In 2005 The Pierre was acquired by Taj Hotels Resorts and Palaces, an India-based global chain of fine luxury hotels and resorts, yet it still retains its forever charm. I spent the night of my birthday there right after the purchase so I can attest to it.

The brilliantly talented Tunisian Italian Claudia Cardinale has to be one of the most physically perfect human beings ever created. She was born Claude Joséphine Rose Cardin in 1938 and had her break into films after winning a Tunisian beauty contest in 1957. Despite her very voluptuously feminine appearance, she had a very deep voice and had her voice dubbed in her early films. Cardinale made her film debut in Goha (1958) and later appeared in over seventy Italian and French films including a slew of Fellini films, most notable of which might be silver screen phenomenon 8 1/2.

Cardinale never made a real attempt to break into the American market since she was not interested in leaving Europe for extended periods of time. Her Hollywood films include Circus World (1964), The Pink Panther (1964) Blindfold (1965) and The Hell With Heroes (1968).

Bob Dylan obviously found her as perfect a creature as I do – her photograph appeared on his album Blonde On Blonde in 1966, but since the photo was used without Cardinale’s permission, it was removed from the cover art in later pressings. Keep Reading!!! Read the rest of this entry »

Backstage Babes


I am obsessed with the Folies Bergère in Paris, circa 1890-1920. Located on Rue Richer in the 9th Arrondissement it was built as an opera house by the architect Plumeret and was patterned after the Alhambra music hall in London. What was the height of popular entertainemtn at the time and was the original “vegas” revue. The shows featured outrageously elaborate (and revealing) costumes, a good dose of almost-nudity, and played up the “exoticness” of persons and objects from other cultures, obliging the Parisian fascination with the négritude of the 1920s. This obsession led to the overnight sensationalism of Joséphine Baker in 1926 – an African-American expatriate singer, dancer, and entertainer, who made internaitonal headlines with her suggestive “banana dance”, in which she wore a skirt made of bananas and little else.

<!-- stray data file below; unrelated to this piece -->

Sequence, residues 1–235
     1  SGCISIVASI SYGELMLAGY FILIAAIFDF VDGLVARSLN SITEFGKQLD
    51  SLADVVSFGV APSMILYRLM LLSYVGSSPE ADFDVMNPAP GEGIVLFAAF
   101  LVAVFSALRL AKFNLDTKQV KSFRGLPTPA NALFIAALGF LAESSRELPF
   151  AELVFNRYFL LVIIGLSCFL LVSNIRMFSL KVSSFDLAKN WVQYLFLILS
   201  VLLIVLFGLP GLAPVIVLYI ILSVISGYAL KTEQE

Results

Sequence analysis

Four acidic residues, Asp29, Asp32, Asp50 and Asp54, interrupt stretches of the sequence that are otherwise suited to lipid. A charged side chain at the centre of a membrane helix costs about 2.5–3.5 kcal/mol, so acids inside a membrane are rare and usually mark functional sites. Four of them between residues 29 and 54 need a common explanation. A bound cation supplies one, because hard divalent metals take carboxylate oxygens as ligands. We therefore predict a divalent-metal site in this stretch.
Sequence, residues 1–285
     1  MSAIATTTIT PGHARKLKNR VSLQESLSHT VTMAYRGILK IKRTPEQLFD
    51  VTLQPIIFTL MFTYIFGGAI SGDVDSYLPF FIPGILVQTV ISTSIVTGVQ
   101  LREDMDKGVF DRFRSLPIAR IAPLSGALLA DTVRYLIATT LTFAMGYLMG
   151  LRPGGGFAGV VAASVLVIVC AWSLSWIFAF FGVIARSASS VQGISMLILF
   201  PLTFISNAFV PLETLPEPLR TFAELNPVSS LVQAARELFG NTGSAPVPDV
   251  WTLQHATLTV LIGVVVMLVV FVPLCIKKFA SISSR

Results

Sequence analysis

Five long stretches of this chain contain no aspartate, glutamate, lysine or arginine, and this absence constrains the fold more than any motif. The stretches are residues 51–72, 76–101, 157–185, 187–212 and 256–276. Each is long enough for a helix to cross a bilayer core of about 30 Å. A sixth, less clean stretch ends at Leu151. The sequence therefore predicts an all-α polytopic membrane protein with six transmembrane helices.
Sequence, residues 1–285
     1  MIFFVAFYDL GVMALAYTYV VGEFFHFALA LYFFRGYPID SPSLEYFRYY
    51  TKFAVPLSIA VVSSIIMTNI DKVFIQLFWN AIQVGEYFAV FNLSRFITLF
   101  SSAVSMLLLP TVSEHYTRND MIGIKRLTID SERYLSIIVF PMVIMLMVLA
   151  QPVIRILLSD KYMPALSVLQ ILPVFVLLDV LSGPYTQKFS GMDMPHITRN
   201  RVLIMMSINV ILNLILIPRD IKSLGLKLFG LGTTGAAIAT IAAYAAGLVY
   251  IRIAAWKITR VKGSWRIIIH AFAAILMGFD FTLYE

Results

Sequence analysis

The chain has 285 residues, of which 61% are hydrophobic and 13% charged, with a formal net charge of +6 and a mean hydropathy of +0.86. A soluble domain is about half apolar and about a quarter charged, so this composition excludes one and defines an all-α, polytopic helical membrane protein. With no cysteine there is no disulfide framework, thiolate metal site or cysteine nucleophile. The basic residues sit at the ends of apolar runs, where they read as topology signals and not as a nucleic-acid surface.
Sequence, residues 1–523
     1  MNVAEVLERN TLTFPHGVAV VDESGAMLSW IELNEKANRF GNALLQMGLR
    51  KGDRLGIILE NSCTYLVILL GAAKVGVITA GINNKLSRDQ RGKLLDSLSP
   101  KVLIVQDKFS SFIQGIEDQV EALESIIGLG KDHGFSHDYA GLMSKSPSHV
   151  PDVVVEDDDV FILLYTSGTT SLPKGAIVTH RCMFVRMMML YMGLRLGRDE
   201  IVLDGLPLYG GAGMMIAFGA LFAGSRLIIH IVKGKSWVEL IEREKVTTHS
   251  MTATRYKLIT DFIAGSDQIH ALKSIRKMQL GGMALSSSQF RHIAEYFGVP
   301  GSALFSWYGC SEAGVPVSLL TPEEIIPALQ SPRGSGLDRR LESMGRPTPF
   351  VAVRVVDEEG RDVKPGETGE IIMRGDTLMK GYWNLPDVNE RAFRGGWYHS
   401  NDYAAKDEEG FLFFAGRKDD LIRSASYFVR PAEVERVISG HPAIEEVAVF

I’ve been collecting backstage photos of the performers at the Folies. Here are some of my favorites. Read the rest of this entry »

Hempel Worship


Quite possibly one of the most brilliant placemakers of our time, Anoushka Hempel is my idol. The former British 60’s actress-turned-hotelier and designer has created four absolutely unparalleled hotels (including my favorite hotel ever – Blake’s in South Kensington, London) and a slew of restaurants and retail stores (including Louis Vuitton in Paris and Van Cleef & Arpels in Brazil, Goa, Istanbul, and Las Vegas.) Her style is impeccable and untouchable in my opinion. She has this God-given way of creating the most magical environments that are so lavish and fantastical, intoxicatingly decadent, and yet unbelievably cozy and warm. Everything she touches turns into 24-carat gold. She has even designed clothes for Princess Diana and Princess Margaret. I want to swim in her head.


Oh, did I mention she was a Bond girl? Sigh…